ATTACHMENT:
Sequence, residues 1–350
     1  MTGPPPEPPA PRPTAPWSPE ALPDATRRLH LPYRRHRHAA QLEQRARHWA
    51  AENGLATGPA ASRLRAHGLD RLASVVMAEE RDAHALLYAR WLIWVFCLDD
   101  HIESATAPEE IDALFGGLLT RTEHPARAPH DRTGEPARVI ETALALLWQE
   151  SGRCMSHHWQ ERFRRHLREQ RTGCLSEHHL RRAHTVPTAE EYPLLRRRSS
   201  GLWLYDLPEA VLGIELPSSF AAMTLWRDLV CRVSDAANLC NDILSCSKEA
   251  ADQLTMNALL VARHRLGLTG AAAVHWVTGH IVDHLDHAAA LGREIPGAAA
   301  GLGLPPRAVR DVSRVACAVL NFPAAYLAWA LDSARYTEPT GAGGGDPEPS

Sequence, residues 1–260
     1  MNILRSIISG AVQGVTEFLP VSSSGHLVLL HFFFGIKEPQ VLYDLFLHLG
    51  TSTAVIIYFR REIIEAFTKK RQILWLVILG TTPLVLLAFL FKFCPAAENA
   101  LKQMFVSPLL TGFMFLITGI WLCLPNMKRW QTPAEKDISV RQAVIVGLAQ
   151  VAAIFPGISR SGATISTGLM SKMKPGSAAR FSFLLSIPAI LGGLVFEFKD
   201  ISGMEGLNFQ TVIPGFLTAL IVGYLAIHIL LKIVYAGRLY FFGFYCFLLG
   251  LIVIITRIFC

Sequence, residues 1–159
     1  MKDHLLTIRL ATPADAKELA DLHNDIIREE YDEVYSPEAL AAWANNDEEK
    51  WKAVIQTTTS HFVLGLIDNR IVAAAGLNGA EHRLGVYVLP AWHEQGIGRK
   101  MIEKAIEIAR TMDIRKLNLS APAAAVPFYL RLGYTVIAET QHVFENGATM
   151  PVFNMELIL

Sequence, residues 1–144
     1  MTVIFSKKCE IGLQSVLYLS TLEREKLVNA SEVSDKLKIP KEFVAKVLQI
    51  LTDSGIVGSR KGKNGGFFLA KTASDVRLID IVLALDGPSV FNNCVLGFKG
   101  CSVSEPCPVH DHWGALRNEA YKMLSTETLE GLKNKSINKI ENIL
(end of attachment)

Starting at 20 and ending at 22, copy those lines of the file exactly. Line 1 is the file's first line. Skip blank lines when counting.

   151  PVFNMELIL

Sequence, residues 1–144
     1  MTVIFSKKCE IGLQSVLYLS TLEREKLVNA SEVSDKLKIP KEFVAKVLQI